Friday, October 24, 2014

The Maiden Dracula

The Maiden Dracula
Bobby Derie

"There have been so many that carried the name Dracula," the old woman said, running one thin hand over the leather-bound spines, some worn so thin in places that bits of the bone and vellum beneath shone through, "It was a mark of respect, you see. For those that were so terrible in life, they seemed the fingers of the devil in this world. Vlad Dracul is merely the most famous...but far from the only one, or even the worst."

She smiled, showing the gaps where her canine teeth used to be.

"One of the worst was, perhaps, the Maiden Dracula - of no relation to the Order of the Dragon; indeed, she was born in Moravian Wallachia, in a hamlet which gave eggs and horse feed to the town of Valašské Meziříčí. They say she was the only daughter of a rough-faced farmer whose wife and died, and when she came of age she did all the chores of son and daughter for him - slaughtering pigs and chickens, handling the horse, bringing in the grain, all by herself. Perhaps that is when the rumors started, for she was a pretty thing when she came of age, and he would shy all the men and boys away that might have thought to marry her. So she was called the Maiden; and no other name but one has survived the centuries."

The smile vanished, and she fidgeted at her belt, where a plain knife with a wooden handle was tucked.

"Of course, there is more than what the stories say. You can only imagine yourself what it must have been like for the girl and father alone, how the townsfolk might have whispered - and there is another legend that says one day a man came into Valašské Meziříčí after a terrible accident on the farm, and that he had somehow gelded himself while sharpening a scythe. A terrible story, but farmers do tend to lose pieces of themselves...especially if they do not pay close attention to where they are in relation to other things."

She took the knife out, which slide from the sheath with the soft sound of steel on leather, and used the point of the blade to clean beneath her nails.

"The Turk was largely gone from Wallachia at that point, but as with all retreating armies they had left bastards - and these who remained behind had formed a band of brigands who struck where they could, stealing food and clothing and horses, sometimes women and young boys when the opportunity availed them. It was a small band, of perhaps thirteen men - though some stories say thirty-seven, and others fifty-one. It doesn't really matter, I suppose. But one cold winter the hamlet and town were sore oppressed by the brigands, who grey bolder and bolder, though they struck only by night. Still might they have lived another winter, except that in one daring raid, they broke into her farm, and stole the meat from their smoke-house."

Now she smiled again, and took out a soft cloth to clean the blade, which had a little device worked into the hilt of curious design - like a Celtic knot woven into a skull.

"The Maiden decided then and there that would be the end of the Turkish bastards. So she went into town - here the stories differ; some say she asked for volunteers from the women who had been mishandled by the brigands, others say she went to the town whores and bought them all for a day and a night - but she had three or five or seven women with her, and she led them to where a trail came down from the hills to the main road, and here everyone knew was the path that the brigands took when they came down to do their thieving."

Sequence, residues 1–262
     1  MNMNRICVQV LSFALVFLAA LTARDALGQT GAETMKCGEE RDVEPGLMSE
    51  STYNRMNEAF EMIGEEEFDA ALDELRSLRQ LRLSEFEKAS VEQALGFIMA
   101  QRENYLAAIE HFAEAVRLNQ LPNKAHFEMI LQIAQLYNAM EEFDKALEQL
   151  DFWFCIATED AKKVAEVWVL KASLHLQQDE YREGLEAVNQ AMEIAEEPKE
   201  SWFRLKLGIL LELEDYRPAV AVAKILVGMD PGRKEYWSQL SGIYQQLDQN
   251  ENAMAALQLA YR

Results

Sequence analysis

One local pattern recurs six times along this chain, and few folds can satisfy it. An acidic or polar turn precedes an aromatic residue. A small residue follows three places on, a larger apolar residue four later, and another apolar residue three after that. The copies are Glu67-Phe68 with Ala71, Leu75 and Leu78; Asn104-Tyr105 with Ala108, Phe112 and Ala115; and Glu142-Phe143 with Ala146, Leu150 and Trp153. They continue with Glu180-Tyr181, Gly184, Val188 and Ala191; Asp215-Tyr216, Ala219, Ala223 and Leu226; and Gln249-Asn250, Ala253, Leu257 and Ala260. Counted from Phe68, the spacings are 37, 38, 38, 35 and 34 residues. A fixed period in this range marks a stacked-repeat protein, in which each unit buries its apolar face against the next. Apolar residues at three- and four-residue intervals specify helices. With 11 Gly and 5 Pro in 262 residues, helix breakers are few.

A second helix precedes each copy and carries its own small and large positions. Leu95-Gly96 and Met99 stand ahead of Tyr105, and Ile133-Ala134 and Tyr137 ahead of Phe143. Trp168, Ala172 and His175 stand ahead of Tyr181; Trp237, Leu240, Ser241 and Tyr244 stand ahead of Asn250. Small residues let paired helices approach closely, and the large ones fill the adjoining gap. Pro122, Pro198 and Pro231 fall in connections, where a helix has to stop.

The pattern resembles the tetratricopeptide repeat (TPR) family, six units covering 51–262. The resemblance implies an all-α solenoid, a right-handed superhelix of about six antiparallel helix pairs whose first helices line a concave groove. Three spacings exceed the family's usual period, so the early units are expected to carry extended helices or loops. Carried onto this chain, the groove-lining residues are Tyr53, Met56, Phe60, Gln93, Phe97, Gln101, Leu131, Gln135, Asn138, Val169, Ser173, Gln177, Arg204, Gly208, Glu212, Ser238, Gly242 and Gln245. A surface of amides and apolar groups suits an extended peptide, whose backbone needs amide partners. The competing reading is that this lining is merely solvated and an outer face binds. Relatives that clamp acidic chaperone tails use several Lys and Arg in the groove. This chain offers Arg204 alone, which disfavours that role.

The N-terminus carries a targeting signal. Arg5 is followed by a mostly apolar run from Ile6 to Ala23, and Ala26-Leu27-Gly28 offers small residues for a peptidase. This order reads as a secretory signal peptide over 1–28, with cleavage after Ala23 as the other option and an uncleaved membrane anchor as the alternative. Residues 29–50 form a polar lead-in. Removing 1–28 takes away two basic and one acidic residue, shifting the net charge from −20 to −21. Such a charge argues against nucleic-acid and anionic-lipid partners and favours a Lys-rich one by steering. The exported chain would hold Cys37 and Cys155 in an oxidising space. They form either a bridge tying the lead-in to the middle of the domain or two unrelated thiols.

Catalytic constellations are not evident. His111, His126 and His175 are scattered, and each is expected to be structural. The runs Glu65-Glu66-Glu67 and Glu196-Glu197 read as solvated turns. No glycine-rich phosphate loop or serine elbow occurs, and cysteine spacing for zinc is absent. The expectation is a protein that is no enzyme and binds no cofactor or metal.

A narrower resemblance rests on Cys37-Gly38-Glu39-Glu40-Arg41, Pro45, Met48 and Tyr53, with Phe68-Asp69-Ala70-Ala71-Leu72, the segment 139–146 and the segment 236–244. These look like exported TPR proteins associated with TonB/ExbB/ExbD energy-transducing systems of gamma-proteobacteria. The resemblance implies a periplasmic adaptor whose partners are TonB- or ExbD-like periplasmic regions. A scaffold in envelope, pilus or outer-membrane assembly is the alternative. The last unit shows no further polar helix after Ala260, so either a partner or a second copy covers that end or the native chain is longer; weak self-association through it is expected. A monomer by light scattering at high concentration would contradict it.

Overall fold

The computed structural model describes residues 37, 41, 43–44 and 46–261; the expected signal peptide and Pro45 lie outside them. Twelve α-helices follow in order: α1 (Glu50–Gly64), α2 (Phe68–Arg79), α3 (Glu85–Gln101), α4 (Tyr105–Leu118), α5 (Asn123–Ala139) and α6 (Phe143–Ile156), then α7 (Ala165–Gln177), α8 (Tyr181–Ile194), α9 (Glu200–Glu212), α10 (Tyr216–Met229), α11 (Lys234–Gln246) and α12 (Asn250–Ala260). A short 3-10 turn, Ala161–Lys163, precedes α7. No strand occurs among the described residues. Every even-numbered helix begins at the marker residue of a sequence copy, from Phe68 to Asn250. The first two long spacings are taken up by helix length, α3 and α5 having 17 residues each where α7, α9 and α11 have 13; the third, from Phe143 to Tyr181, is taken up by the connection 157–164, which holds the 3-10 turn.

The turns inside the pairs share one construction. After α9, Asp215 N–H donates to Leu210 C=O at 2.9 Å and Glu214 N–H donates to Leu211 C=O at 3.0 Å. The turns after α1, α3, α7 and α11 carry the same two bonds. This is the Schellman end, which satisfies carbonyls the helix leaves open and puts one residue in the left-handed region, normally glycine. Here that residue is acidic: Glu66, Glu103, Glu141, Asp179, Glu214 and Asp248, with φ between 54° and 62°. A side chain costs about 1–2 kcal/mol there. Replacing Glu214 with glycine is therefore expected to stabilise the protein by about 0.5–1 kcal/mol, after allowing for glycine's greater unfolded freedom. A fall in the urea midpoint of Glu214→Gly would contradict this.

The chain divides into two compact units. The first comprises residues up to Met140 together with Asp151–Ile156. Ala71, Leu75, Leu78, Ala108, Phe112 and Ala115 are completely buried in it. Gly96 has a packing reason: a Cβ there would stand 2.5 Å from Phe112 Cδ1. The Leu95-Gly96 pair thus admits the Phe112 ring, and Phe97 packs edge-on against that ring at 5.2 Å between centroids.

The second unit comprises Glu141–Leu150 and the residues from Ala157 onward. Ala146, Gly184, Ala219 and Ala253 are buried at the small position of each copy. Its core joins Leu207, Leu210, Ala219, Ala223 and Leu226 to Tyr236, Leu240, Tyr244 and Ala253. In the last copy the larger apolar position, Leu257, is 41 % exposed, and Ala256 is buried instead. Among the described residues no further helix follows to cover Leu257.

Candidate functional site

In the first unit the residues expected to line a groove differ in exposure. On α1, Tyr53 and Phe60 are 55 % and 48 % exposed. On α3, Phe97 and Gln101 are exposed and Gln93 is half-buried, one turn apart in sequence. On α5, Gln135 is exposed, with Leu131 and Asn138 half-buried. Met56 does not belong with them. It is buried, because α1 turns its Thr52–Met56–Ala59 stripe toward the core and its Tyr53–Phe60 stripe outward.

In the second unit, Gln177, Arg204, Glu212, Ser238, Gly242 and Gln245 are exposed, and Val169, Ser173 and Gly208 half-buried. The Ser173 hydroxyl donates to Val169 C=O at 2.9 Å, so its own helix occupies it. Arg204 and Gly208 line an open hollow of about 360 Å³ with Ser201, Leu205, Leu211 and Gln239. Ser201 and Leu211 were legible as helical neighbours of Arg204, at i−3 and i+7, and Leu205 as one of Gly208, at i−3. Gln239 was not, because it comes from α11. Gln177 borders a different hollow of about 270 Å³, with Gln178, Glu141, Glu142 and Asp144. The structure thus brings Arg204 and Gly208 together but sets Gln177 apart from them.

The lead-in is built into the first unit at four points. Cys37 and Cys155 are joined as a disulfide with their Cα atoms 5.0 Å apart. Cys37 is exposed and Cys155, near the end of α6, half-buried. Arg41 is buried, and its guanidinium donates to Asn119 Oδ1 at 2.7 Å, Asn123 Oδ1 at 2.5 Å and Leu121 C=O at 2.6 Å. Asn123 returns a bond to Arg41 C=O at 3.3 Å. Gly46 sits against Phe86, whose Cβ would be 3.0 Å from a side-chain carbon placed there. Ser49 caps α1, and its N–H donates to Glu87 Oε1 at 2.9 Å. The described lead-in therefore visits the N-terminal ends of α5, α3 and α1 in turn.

"Now this night was no different, save that the women had lit a good-sized fire and laid out blankets, and when the brigands came down as thieves they found the women warm and waiting, saying how they had missed them and desired to know them again - and so what followed was an orgy of sorts, as each of the women lay with several of the brigands in turn, an event that has formed a curious folk-memory well-remembered in the annals of erotica, though the rest of the events are forgotten."

"Because when each brigand was finished and exhausted, and staggered away to sleep or piss, the Maiden came up with her knife and cut their throats; and with that same knife she gelded them exactly as she might a horse or a hog. So when the next day the four or six or eight women came back into town, disheveled and exhausted and hardly able to walk straight, they were led by the maiden, who had washed the blood from her hands in the snow, and carrying her skirt in her hands as though she had been gathering berries. She told the townsfolk the brigands would trouble them no more."

The old woman replaced the knife in her belt, and fiddled with the necklace of wooden balls around her neck, which at first could be mistaken for a rosary.

"As proof, she let loose her skirt, and the prizes she had taken from the brigand full onto the snowy ground like chestnuts. And that is why she first was called the Maiden Dracula, and that no man would try to marry her after that, so she died a virgin."

She ran her hands once more over the ancient volumes on the shelf.

"Of course, that is just the beginning. I did say she was one of the worst, did I not? Perhaps that is when they first called her Dracula, but it is only the beginning of how she earned the name..."


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